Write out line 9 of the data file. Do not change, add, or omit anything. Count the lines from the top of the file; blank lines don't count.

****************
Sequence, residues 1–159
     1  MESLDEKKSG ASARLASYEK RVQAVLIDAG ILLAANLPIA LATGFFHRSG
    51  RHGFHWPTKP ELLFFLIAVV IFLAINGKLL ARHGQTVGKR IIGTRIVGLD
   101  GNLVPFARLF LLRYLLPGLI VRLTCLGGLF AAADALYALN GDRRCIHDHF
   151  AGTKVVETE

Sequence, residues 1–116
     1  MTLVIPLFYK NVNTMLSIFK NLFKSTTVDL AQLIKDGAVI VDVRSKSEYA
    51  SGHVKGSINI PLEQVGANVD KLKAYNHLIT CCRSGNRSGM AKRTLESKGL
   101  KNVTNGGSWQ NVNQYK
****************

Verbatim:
   101  KNVTNGGSWQ NVNQYK